The prevalent myth about the park’s creation at the time was that nothing, or at least nothing of value, occupied the site of Central Park. Engineer Egbert Viele, who oversaw the first survey of the land in 1856, painted a disparaging picture of an excessively swampy and rocky terrain, “a pestilential spot, where rank vegetation and miasmatic odors taint every breath of air.” An early report on the Park’s construction similarly characterized the southern portion of the site as “filthy, squalid, and disgusting.” The approximately 1,600 mostly immigrant residents of this “straggling suburb” were typically portrayed as squatters amid hovels, plundering the landscape for fuel and sustenance and operating deleterious industries. Several bone-boiling operations and other small factories displaced from the increasingly crowded downtown did operate in this region, but the area’s largest settlement, Seneca Village, was home to a longstanding community of primarily African-American landowners who worked as grocers, domestics, and laborers.Contempt for park site dwellers, redolent of contemporary racism, perhaps served to validate the process of eminent domain through which they were evicted from the land.
These depictions further dramatize the unprecedented endeavor to create the city’s first large public park. An August 1861 article in Harper’s described surveyors’ efforts in the context of the partially completed park: “The history of their adventures among the rocks, and jungles, and bogs of the then rude and desolate tract would be pleasant and surprising reading now in the dainty arbors, on the flowered walks, or by the marge of the pretty lakes, into which the jungles and bogs have since been so wondrously transformed.”
Countering the portrayal of the pre-park site as wasteland was the still prevalent impression of the completed park as a preserve of the pre-urban landscape. Soon after the park was completed, Horace Greeley, editor of the New York Tribune, reportedly exclaimed: “Well, they have let it alone better than I thought they would!” Greeley’s statement illuminates an underlying complexity in defining the park and designed landscapes in general. The park was a massive construction effort, lasting ten years and costing five million dollars. Its designers and builders didn’t leave it alone — yet the construction of an idealized rural landscape in the midst of the city ultimately involved transformation and preservation, creating the illusion of a familiar place that had been there all along. This interplay was particularly evident in the creation of the northern part of Central Park.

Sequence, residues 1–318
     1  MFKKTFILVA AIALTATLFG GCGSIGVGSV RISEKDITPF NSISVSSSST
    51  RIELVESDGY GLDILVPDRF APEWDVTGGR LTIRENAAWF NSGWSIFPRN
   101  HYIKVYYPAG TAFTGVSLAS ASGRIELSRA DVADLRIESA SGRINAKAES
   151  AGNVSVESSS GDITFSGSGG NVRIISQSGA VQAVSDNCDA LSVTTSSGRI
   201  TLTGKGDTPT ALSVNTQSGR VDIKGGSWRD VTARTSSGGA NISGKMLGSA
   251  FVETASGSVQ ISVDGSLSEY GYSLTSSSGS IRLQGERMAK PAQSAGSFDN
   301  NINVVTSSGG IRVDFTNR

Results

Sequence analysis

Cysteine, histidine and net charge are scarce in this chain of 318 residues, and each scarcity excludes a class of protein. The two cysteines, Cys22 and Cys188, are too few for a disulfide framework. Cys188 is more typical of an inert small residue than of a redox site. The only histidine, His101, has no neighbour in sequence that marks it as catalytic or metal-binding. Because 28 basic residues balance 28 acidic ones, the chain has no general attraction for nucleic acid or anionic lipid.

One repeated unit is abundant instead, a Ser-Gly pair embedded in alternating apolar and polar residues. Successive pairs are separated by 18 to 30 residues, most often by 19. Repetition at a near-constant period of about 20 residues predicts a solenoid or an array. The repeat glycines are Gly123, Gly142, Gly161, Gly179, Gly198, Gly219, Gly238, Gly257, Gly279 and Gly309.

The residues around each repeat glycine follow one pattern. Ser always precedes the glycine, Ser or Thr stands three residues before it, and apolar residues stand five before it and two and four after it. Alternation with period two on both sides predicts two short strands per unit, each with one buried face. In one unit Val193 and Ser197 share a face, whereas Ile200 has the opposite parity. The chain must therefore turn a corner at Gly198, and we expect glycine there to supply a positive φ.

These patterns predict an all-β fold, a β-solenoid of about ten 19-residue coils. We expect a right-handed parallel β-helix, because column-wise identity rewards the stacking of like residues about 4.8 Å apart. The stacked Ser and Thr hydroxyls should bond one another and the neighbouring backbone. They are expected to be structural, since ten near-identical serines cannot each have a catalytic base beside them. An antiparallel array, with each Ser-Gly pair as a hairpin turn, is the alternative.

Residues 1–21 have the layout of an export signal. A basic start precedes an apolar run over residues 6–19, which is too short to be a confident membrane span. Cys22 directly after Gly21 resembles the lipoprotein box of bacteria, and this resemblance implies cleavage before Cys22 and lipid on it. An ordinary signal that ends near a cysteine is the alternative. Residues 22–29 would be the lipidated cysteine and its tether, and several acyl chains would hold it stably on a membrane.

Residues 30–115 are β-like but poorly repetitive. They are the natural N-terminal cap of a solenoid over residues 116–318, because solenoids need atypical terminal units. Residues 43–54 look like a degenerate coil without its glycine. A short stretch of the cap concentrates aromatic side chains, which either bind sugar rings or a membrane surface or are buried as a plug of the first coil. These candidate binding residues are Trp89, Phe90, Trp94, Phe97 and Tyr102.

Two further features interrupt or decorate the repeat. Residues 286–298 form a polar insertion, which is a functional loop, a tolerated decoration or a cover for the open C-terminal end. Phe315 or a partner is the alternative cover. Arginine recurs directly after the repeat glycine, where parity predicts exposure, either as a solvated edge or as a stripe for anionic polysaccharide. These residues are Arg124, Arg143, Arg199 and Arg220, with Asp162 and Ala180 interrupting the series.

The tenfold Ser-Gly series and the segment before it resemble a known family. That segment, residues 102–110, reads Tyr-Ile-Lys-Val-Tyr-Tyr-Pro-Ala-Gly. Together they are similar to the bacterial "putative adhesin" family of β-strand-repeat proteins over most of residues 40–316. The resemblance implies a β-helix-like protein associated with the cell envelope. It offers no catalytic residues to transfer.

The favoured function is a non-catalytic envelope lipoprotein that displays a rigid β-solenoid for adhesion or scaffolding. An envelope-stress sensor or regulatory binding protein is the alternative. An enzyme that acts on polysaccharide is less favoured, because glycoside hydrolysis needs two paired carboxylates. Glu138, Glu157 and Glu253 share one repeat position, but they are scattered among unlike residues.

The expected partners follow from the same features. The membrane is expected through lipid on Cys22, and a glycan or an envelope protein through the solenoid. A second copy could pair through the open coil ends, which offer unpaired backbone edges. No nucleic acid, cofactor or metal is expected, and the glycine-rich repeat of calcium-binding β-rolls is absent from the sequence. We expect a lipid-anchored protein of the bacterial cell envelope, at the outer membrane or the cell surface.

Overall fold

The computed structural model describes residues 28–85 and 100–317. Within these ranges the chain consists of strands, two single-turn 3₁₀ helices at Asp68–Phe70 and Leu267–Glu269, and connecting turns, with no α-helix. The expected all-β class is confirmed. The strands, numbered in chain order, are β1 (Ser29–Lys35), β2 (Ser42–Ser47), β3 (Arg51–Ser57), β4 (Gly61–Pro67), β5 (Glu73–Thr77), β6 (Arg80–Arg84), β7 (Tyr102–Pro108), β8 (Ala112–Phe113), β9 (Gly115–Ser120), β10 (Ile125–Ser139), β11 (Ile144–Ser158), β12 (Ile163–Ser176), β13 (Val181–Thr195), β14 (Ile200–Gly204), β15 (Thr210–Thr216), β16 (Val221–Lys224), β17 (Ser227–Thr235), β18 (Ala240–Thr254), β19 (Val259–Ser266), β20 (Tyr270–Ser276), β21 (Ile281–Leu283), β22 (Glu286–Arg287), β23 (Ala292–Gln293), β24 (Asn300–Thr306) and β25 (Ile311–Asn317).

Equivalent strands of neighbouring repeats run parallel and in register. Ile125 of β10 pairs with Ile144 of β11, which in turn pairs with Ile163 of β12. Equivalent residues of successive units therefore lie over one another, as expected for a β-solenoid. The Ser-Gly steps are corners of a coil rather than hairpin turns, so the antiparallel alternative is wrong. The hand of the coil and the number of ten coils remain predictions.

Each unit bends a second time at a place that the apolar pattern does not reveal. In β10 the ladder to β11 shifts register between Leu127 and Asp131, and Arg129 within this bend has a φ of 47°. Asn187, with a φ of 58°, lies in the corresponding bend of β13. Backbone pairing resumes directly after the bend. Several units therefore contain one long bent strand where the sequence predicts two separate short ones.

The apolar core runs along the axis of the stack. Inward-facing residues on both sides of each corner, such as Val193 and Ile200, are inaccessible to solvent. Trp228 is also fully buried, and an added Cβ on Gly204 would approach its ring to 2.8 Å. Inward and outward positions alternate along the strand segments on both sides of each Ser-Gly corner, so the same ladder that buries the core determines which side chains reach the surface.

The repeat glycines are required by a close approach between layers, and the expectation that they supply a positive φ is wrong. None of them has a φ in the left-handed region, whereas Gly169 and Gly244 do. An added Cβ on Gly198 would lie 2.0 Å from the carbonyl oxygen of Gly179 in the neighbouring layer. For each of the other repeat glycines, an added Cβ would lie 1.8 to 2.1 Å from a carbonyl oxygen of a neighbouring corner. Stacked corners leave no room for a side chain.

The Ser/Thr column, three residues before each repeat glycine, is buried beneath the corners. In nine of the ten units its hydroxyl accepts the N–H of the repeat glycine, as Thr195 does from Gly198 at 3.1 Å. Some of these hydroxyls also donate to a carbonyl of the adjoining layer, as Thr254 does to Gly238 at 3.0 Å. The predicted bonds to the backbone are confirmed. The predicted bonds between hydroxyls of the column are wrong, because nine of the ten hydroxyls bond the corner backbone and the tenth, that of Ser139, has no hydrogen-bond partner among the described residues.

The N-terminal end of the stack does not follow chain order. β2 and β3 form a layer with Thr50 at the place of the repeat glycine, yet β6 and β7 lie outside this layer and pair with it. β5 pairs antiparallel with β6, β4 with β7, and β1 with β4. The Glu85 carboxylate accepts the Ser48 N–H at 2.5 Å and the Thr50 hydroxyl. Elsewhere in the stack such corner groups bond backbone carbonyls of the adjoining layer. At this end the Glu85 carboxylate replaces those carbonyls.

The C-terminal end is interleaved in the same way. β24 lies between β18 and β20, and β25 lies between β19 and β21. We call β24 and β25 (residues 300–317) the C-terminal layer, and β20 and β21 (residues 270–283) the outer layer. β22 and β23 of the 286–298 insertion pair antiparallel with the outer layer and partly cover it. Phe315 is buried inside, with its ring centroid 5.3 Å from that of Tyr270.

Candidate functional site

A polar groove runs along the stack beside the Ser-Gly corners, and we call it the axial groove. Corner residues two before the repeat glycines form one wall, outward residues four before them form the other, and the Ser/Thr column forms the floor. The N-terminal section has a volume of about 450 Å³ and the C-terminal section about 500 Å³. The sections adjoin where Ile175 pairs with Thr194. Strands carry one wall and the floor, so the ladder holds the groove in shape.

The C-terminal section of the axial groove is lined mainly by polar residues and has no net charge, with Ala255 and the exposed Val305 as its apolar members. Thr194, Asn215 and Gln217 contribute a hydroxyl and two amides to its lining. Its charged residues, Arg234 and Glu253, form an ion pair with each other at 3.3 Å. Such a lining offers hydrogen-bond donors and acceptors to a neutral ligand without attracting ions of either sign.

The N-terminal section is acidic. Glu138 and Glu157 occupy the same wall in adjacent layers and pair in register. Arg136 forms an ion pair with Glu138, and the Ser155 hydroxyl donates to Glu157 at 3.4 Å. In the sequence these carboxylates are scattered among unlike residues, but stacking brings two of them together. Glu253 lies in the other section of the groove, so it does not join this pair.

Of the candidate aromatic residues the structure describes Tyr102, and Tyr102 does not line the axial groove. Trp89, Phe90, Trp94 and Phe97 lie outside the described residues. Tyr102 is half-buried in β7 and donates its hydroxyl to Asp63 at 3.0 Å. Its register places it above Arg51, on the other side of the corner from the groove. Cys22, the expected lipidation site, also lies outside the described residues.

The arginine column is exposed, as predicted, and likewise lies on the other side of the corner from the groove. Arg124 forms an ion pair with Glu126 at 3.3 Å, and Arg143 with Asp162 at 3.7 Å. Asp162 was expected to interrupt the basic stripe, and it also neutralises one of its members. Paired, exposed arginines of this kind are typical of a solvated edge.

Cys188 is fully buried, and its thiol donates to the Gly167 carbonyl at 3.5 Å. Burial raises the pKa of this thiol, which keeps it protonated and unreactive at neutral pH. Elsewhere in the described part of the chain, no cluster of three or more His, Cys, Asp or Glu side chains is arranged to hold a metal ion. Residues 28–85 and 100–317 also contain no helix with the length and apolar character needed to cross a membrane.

In a letter to Central Park’s commissioners, Olmsted attempted to explain how and why the existing landscape should guide, and be enhanced by, Vaux’s and his design:
“The time will come when New York will be built up, when all the grading and filling will be done, and when the picturesquely varied, rocky formation of the island will have been converted into foundations for rows of monotonous straight streets, and piles of rectangular buildings. There will be no suggestion left of its present varied surface, with the single exception of the few acres contained in the Park. … It therefore seems desirable to interfere with its easy undulating outlines and picturesque rocky scenery as little as possible, and, on the other hand, to endeavor rapidly, and by every legitimate means to increase and judiciously develop these particular individual and characteristic sources of landscape effect.”
As Olmsted was writing these words, articulating a correspondence between place and design that would shape the new profession of landscape architecture, the landscape surrounding the park was being eradicated to construct Manhattan’s grid of streets according to the Commissioner’s Plan of 1811. Photographs and illustrations of this process show a tumultuous and disorienting transformation. In the wake of newly graded streets, piles of rocks lay next to homes perched precariously on the remaining, now exposed outcrops that would soon be leveled as well. Did the disappearance of this landscape inspire a new appreciation of it?
The existing landscape clearly provided a guide for Olmsted and Vaux: lakes were constructed in the locations of low-lying swamps, meadows were created in less rocky expanses, and woodlands in more densely vegetated areas. However beyond convenience or necessity, many of the site’s existing geologic and topographic features were preserved or manipulated; they were the foundation of both the existing and the idealized, constructed landscape, the “characteristic sources of landscape effect.”